The Clarendon Edition of the Works of John Locke: An Essay Concerning Human Understanding Paperback
by John Locke
Edited by Peter H. Nidditch
Part of the Clarendon Edition of the Works of John Locke series
Published in 1689, John Locke's pioneering investigation into the origins, certainty, and extent of human knowledge set the groundwork for modern philosophy and influenced psychology, literature, political theory, and other areas of human thought and expression.
- Format: Paperback
- Pages: 784 pages, frontispiece
- Publisher: Oxford University Press
- Publication Date: 02/08/1979
- Category: Philosophy: epistemology & theory of knowledge
- ISBN: 9780198245957
- Hardback from £105.00
Showing 1 - 2 of 2 reviews.
Review by LisaMaria_C
This treatise published in 1689 was listed in <i>Good Reading</i>'s "100 Significant Books." It's a work of epistemology--the branch of philosophy that examines knowledge. Rejecting Descartes' argument of innate principles, Locke argues that humans at birth are a blank slate written on by experience. Locke argues that innate ideas can't exist since by their nature they'd be universal, and there is no knowledge everyone agrees upon. I'm not sure given human nature I agree. I know that as different as human cultures and individuals might be, there are some constants, and even linguists think that's reflected in the structure of language. Many scientists and philosophers seem to try to argue for one single cause for things. I see no reason to believe identity and ideas couldn't come from both a hard-wired human nature <i>and</i> experience--that is, both nature <i>and</i> nurture. It's not that I disagree that what knowledge we have can only come from the senses and the use of reason to interpret it. That makes sense to me--but that doesn't mean I find Locke's particular line of argument completely convincing.And particularly because epistemology lies at the root of philosophy, it has consequences for ethics and politics. Locke is associated with the libertarian principles of the American Revolution. Thomas Jefferson cribbed much of the American Declaration of Independence from Locke's <i>Two Treatises of Government.</i> If humans are blank slates to be written on, in one way that can be very heartening and optimistic--a chance to make the world anew. But it also tempts people into totalitarian schemes, thinking humans can be twisted into whatever shapes they will.I have other doubts about Locke's arguments. If we only know things by experience, and there are no universals, how can Locke argue in Book II that it is a "certain and evident truth" that there is a God? But then even in the dedication and "Epistle" to the reader there seemed to be a nervousness that the entire thrust of his argument is atheist. Methinks here Locke was not being intellectually honest or at least not intellectually consistent--and given the intolerance of his times I hardly blame him. Moreover I really don't see the usefulness of dividing ideas and things into simple and complex, primary and secondary qualities. But the importance of the ideas in this essay I do not doubt. And despite the difficulties of the subject, I found Locke fairly lucid--it probably helped I was exposed to excerpts from this essay before in school. I don't know that I'd call it enjoyable reading, and I think this could be more succinct (even Locke admits that in his opening remarks.) But reading it is useful to know to understand not just the subjects it touches upon, but its influence on history.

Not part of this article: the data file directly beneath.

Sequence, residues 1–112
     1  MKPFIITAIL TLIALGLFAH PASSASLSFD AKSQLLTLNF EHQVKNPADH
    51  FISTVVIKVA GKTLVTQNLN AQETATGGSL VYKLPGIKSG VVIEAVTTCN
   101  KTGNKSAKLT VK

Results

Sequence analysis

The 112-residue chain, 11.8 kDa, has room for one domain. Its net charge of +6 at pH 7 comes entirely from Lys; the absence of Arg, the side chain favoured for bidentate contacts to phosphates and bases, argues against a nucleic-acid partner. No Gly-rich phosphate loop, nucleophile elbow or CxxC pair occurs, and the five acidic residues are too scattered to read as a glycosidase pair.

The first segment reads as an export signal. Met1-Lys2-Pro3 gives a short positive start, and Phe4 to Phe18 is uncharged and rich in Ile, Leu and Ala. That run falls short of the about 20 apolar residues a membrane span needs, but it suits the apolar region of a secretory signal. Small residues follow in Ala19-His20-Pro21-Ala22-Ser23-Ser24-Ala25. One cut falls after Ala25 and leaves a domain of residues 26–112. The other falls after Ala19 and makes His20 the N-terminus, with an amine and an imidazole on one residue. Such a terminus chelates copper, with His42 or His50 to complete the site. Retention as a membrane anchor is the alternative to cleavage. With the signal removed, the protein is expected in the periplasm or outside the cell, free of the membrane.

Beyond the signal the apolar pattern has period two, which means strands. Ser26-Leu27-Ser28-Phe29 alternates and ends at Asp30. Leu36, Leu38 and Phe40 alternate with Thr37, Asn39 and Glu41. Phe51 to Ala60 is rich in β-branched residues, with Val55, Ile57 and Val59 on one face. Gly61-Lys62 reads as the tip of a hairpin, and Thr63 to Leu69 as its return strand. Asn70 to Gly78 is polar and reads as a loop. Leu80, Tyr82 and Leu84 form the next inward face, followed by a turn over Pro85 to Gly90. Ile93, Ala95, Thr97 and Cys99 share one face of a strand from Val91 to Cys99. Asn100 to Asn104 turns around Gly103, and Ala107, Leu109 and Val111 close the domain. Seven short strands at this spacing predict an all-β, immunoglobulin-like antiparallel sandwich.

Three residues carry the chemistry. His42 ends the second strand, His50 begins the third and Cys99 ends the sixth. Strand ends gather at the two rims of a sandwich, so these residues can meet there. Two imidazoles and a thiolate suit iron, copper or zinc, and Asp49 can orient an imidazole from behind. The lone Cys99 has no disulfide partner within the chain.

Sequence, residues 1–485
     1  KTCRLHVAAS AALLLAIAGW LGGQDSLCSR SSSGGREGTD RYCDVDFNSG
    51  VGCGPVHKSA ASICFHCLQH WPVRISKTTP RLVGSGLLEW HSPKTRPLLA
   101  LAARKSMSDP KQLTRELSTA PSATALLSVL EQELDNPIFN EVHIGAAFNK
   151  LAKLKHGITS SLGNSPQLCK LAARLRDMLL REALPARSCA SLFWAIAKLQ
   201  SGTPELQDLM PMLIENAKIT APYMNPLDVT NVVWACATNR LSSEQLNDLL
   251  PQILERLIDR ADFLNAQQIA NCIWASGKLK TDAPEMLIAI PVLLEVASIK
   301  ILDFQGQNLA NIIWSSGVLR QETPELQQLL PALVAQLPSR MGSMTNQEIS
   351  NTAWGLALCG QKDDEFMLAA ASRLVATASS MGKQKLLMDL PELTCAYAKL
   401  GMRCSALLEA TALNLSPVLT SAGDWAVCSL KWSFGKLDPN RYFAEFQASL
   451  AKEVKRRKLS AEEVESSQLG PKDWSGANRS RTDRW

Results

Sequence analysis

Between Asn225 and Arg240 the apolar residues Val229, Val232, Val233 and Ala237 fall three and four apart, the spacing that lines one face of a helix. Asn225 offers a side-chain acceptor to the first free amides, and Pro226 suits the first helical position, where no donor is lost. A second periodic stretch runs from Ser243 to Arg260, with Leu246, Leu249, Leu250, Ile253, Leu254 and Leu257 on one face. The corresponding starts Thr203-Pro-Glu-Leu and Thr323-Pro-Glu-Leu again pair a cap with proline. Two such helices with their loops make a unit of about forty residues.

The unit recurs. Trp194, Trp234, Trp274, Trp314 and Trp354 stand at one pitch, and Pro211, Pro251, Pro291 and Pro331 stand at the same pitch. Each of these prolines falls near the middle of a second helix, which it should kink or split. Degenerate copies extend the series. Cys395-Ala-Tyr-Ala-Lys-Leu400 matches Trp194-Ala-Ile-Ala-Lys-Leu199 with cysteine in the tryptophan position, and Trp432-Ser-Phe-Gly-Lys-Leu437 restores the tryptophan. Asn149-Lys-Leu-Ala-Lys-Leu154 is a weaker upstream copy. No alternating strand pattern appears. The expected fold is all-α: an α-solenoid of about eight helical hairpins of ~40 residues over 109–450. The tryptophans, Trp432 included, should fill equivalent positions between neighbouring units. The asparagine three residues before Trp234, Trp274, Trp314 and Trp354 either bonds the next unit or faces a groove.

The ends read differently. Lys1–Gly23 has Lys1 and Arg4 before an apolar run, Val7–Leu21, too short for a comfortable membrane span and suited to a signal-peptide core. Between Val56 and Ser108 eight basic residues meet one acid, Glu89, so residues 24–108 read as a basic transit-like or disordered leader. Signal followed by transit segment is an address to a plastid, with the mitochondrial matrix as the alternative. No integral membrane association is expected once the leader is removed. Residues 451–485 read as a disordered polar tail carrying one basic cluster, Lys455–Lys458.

Review by MeditationesMartini
I see I gave book three of the <i>Essay</i> five-and-a-half stars when I read it on its own, which I hope shows that I do see the insightful and innovative side of this magnum opus, because I think I'm about to come across more negative about it than I mean to.Why?? Well, so there is a cute thing Locke says near the beginning that serves not only as life maxim but also as oblique and presumably unintentional commentary on his own work: "It is of great use to the sailor to know the length of his line, though he cannot with it fathom all the depths of the ocean. It is well he knows that it is long enough to reach the bottom, at such places as are necessary to direct his voyage, and caution him against running upon shoals that may ruin him." Locke goes further to say that is our job here in the <i>Essay</i> too and we shouldn't expect to know it all, but dude ... I feel so incorrigibly modern for saying this, but stop trying to know it all then! You can't be a fox and a hedgehog at the same time! Or if you're going to be a psychologist, then psychologize, but stop talking about sailors and ropes and not needing to know it all if you're about to spend six hundred pages anatomizing our ideas of things and the operations of the human mind. This is not a cheery, speculative, line-trawling kind of book--it is a System, and how you feel about reading the thing instead of a two paragraph summary in <i>A History of Western Philosophy</i> or your psych text or something will depend a lot on how you feel about prolix, ponderous systematicity.For me, I am getting old and sad and this old sailor didn't need Locke to prove that cultural relativism exists or that it doesn't make sense to argue that ideas are innate if kids still have to learn them. I know it was noble service. I'm even prepared to imagine that you invented the present-day model of the self, because if not you, then who? But did you have to do it at such length, and then mock us by being all "I know I repeat myself, but enhhh, fuckit"?One good way to deal with this issue is to read this as a treasure hunt for epigrams, which will result in a rich sense of the process whereby the gentleman of the Enlightenment gathers the low-hanging fruit of the understanding. Sometimes it is perverse--like, the kind of perversity that takes "manna" as the go-to example of the perception of the qualities of substances--manna is sweet, manna is white, shove your manna up your manna hole. But sometimes it's kind of neat--if the sun melts wax is that quality in the sun or the wax? Sunny-dock, grass-chewing stuff. Overall I'm sort of 49% no on that stuff (I challenge anyone to remove a part of space from space. Now!); but what it distracts from is that he's discussing infinity/eternity and categoricity/gradience and free will in sophisticated ways and sometimes talks about what it would be like if we had microscope eyes, and that stuff I am like 57% yes on, even when it's done Locke style.One funny thing is the way he tries to be universalist and then tumbles into the rabbit hole of differences in perception and the only thing he can do to deal with it is turn to language--the weird ways we put words together, they ways they trick and slied, the "double conformity" of words to our ideas and the ideas of others, and the funny little social compact called language that we try to salvage meaning with. The "connection of ideas," a concept with import beyond its days. (Probably this would be a weird review of Locke if it didn't also mention the tabula rasa in that capacity.) There is annoying Christian contusions about epistemology--"here is a thing that makes sense but oh the one exception is God." And much of this is near-impenetrable and seemingly trivial when penetrated. Is that a founder effect, like it seems obvious NOW, or am I just a whiner? At least it's not Leibniz.